• Rental Car Reimbursement: If your car is stolen or getting repaired, rental car reimbursement coverage will help you to cover the costs of a short term rental. This insurance option is often fixed at a daily sum of between $50 and $100 and lasts for no more than 30 days.
  • Accidental Death: A type of life insurance that focuses on accidents, paying a death benefit to a beneficiary when a loved one dies in an accident.

When to Drop Full Car Insurance Coverage

The value of the car you drive, along with your insurance rates and your driving record, will impact whether or not you should drop full coverage auto insurance. Take a look at the following examples to discover when this might be the right option for you:

1. Your Insurance Premiums are too High

If your car insurance rates are higher than the size of a payout following an accident, it might be time to trim the fat. Insurance is a gamble, a form of protection. You pay a small sum of money in the knowledge that you’ll be covered for a large sum if something untoward happens. But if you reach a point when your premiums begin to exceed the potential payout, it’s no longer useful.

2. You Have an Old Car

The lower your car’s value, the less you need full coverage car insurance. If you’re driving around in a car that costs less than $1,000 and you’re paying $2,000 for the pleasure, you may as well be throwing your money down a wishing well.

In the event of an accident, you’ll have a deductible to pay and that deductible could be near the value of the car. In such cases, it will nearly always make more sense to stick with minimum insurance and to just scrap your car if anything serious happens.

3. You Have a Large Emergency Fund

An emergency fund is a sum of money you keep to one side to cover you for emergencies, including job issues, medical bills, broken appliances, and car troubles. If you have such a fund available, you have a few more options at your disposal and can consider dropping full coverage.

It will save you money in the long term and if anything happens in the short term, you still have options and won’t be completely financially destitute.

Bottom Line: When It’s Needed

While there are times when full coverage is unnecessary and excessive, there are also times when it is essential. If you have a new car, for instance, you should get all of the cover you can afford, otherwise, you could be seriously out of pocket following an accident or theft.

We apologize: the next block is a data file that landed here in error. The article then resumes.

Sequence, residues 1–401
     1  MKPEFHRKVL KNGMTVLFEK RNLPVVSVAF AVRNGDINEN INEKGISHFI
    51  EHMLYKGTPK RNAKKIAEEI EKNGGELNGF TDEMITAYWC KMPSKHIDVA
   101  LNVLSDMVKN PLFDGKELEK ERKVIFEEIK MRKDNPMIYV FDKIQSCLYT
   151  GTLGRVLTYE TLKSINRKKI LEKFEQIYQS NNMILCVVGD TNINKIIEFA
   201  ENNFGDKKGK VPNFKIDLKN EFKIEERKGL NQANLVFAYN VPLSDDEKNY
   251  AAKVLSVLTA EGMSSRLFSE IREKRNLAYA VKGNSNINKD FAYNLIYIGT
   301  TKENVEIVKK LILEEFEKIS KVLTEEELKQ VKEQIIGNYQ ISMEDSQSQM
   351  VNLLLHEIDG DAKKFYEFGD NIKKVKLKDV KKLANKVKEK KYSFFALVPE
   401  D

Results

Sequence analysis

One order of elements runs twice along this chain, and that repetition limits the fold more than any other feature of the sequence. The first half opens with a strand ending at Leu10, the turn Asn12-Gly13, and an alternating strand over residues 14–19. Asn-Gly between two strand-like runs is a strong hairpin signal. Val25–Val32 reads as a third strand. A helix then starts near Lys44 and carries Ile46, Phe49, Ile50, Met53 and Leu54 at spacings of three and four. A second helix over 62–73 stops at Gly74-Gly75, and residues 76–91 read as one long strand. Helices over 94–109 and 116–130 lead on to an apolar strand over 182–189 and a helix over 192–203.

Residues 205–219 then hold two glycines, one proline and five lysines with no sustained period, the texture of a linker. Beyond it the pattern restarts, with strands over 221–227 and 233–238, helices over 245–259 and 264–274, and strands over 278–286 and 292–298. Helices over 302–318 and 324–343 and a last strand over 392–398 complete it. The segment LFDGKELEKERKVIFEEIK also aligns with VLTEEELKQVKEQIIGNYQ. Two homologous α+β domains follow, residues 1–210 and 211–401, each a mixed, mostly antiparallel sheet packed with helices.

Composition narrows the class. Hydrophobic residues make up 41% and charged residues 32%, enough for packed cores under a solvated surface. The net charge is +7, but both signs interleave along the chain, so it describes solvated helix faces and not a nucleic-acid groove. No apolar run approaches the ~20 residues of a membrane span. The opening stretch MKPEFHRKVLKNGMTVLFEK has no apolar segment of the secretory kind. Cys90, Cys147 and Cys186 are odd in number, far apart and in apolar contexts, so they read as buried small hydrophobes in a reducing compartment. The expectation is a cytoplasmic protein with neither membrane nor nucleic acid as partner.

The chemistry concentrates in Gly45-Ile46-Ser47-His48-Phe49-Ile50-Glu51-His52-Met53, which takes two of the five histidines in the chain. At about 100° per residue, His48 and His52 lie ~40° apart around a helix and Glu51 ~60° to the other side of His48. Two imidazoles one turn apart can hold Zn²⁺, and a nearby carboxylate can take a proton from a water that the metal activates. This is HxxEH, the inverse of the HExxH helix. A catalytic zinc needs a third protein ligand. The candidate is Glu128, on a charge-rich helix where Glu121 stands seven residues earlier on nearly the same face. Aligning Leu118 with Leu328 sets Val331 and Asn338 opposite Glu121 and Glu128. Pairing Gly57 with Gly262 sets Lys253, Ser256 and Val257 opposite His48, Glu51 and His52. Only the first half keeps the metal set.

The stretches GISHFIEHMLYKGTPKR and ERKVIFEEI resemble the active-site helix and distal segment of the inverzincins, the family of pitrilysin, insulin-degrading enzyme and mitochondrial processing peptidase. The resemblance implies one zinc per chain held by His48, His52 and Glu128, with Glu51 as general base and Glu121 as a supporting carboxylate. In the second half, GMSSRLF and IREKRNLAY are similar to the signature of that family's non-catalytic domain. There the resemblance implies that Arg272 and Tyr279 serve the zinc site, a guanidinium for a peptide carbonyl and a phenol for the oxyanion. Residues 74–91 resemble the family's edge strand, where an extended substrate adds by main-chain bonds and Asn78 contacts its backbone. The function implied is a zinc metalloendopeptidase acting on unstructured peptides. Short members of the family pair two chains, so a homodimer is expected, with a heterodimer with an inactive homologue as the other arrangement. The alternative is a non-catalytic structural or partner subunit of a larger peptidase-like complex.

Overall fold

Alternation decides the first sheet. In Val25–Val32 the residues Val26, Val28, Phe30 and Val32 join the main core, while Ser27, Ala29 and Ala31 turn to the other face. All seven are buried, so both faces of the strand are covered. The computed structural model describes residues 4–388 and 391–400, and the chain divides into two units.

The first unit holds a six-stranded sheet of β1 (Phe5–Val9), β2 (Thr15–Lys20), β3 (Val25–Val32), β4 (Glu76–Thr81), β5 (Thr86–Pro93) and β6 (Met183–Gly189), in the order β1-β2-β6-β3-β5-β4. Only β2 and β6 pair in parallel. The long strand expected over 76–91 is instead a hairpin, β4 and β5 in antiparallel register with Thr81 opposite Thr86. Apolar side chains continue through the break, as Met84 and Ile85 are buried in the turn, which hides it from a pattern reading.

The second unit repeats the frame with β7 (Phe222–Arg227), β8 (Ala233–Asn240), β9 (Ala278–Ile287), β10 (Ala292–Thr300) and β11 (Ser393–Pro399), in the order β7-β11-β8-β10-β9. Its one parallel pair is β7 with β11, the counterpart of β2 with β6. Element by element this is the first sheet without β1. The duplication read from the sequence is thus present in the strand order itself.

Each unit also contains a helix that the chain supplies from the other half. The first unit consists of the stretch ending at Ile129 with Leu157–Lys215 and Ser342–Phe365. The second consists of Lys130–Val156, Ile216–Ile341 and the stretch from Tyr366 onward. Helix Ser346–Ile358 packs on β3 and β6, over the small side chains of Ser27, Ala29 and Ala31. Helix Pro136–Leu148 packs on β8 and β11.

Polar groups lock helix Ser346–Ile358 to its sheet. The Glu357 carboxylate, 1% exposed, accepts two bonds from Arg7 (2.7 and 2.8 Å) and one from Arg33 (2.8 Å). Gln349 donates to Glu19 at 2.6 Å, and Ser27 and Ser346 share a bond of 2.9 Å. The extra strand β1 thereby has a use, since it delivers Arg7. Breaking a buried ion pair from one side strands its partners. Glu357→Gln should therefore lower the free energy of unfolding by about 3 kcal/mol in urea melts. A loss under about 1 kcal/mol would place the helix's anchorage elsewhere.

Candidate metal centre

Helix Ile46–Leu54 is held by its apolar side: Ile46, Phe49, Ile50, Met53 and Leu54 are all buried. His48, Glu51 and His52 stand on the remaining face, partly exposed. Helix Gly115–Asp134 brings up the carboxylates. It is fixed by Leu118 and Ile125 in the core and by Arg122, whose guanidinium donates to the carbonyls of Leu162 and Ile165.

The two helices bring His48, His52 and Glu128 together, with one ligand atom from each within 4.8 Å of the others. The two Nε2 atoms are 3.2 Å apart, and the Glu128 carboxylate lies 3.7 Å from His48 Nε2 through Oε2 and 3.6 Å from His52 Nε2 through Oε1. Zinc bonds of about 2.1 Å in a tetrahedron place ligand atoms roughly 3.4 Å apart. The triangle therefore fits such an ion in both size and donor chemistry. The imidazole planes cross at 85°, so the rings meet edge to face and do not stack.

When Should you Drop Full Coverage on your Car? is a post from Pocket Your Dollars.

Source: pocketyourdollars.com

What Is Uninsured Motorist Insurance?

What is Uninsured Motorist Insurance?

If you buy or lease a car, you’ll need to arrange for insurance coverage. Not only is it the law in most states, it will also protect your bank account in the event of an accident. However, if you’re involved in an accident and the other driver doesn’t have car insurance, you could run into problems. That’s the thinking behind uninsured motorist insurance. 

Compare checking accounts here. 

Uninsured Motorist Insurance Basics

If two people who both have car insurance get in a car crash, they exchange insurance information. The other driver’s insurance company generally pays your expenses if you’re in a crash. So what happens if the other driver doesn’t have insurance? There’s no one to pay you, cover your car repair or replacement or foot your medical bills if you’re injured. Your own car insurance may cover those costs, but it depends on the plan.

That’s where uninsured motorist insurance comes in. Uninsured motorist insurance policies offer protection against property damage or personal injury resulting from a run-in with an uninsured driver. There are a lot of bad drivers out there, and plenty of people who drive regularly but can’t afford car insurance. Have a run-in with one of them and you could end up covering your own medical and car repair bills.